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Eligible DACA Recipients Are Almost Out Of Time To Renew Before Trump's Deadline

Dashed Arrow Scott Lynch/Gothamist

Make the Road New York, one of the state's largest immigrant advocate groups, is planning to overnight a final batch of DACA renewal forms around 5:00 p.m. Wednesday in order to get them to U.S. Citizenship and Immigration Services [USCIS] under President Donald Trump's recently imposed deadline. All afternoon today and into the evening, the group is holding drop-in hours in its Staten Island, Queens, Brooklyn and Long Island offices.

"We've had appointments and clinics over the last three-and-a-half weeks but today we have open hours for anyone who has not met the deadline and is able to get to us in time," said Yasmine Farhang, the group's lead immigration attorney.

Last month, Trump announced that the Deferred Action for Childhood Arrivals program, which offers deportation relief and work permits for non-citizens who traveled to the US as children, will sunset next March. He put the onus on Congress to pass new immigration protections, and set Thursday, October 5th as the last chance to file two-year renewal applications for any DACA recipient whose eligibility is set to expire before March 5, 2018.

Last week, Brooklyn Federal Judge Nicholas Garaufis called the October 5th deadline arbitrary and "heartless." With DACA, undocumented young adults are able to legally work. Many are breadwinners for their families, according to Make the Road, and rely on work permits to cover essential costs like rent and tuition.

The demand for renewals has been lower than anticipated, according to Camille Mackler, director of legal initiatives for the New York Immigration Coalition [NYIC]. There are several possible explanations for this. For one, she said, some seasoned DACA recipients quickly renewed when Trump's order came down. But attorneys in more rural parts of the state are concerned that "people didn't know about the deadline," she added.

Make the Road has processed about 150 renewals since the deadline was announced, according to Farhang. She stressed that this doesn't account for all renewals filed in NYC, Long Island and Westchester County, though "we do do a disproportionately high number."

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DACA recipients risking arrest outs
ide Trump Tower earlier this month. (Scott Heins/Gothamist)

USCIS says there are 7,600 DACA recipients across New York eligible for renewal before tomorrow, out of a total 32,900.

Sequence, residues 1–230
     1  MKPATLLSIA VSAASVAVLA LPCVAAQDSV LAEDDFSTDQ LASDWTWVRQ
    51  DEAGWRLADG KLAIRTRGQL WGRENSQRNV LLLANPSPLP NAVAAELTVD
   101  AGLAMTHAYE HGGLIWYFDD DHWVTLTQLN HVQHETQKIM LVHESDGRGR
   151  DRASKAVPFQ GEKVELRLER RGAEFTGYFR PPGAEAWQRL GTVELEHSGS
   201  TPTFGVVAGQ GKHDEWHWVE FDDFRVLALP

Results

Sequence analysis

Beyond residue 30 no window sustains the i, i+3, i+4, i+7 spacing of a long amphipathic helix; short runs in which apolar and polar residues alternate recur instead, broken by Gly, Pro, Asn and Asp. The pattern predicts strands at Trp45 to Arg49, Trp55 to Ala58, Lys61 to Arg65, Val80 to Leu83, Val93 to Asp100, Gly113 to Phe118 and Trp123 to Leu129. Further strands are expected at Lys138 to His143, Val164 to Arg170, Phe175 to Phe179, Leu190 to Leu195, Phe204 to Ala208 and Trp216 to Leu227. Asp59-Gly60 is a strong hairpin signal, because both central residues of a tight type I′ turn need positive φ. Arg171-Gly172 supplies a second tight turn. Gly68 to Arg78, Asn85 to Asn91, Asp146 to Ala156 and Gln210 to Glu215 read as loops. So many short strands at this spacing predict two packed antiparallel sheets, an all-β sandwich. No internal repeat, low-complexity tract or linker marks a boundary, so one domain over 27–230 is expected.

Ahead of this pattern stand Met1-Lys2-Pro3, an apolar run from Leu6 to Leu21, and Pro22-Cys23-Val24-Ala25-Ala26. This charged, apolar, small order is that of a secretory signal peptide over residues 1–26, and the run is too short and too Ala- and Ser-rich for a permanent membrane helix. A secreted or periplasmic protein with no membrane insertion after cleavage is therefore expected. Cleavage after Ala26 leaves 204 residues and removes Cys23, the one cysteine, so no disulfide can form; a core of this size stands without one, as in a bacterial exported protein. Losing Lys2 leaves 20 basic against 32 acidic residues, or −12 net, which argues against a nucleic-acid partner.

Nationally, there are 154,000 DACA recipients eligible for renewal, according to USCIS, or roughly 20 percent of the total 800,000. Approximately 54,000 renewals have been submitted since September 5th.

Mackler is concerned about the logistics of processing all of these renewals, and says she hasn't gotten any assurances that USCIS will have a grace period for application errors.

"USCIS just doesn't have capacity in their mailroom and lockbox facilities to accept and process these applications," she charged. "It's always happened that applications get lost."

"These requests must be properly filed and physically received by the agency at the proper filing location no later than Oct. 5," a spokesperson for USCIS wrote via email. "As with all of our benefit requests and petitions, USCIS allocates resources as needed to help process any increase in requests."

Farhang, of Make the Road, says she anticipates some people will miss tonight's deadline.

"Even if we have someone come in tomorrow, the fight to respond to the termination of DACA is really just kicking off," she said.

Several lawsuits are challenging the constitutionality of revoking DACA, while recipients continue to march and rally for a legal path to citizenship.

Jacquelyn Cortes, 22, traveled from Virginia to Manhattan for a DACA action last month. A bio-med student at the University of Virginia and DACA recipient, she urged allies to advocate for immigrant protections more ironclad than an executive order.

"This is really the time to step up and take action and try to get something that's actually permanent," she said.

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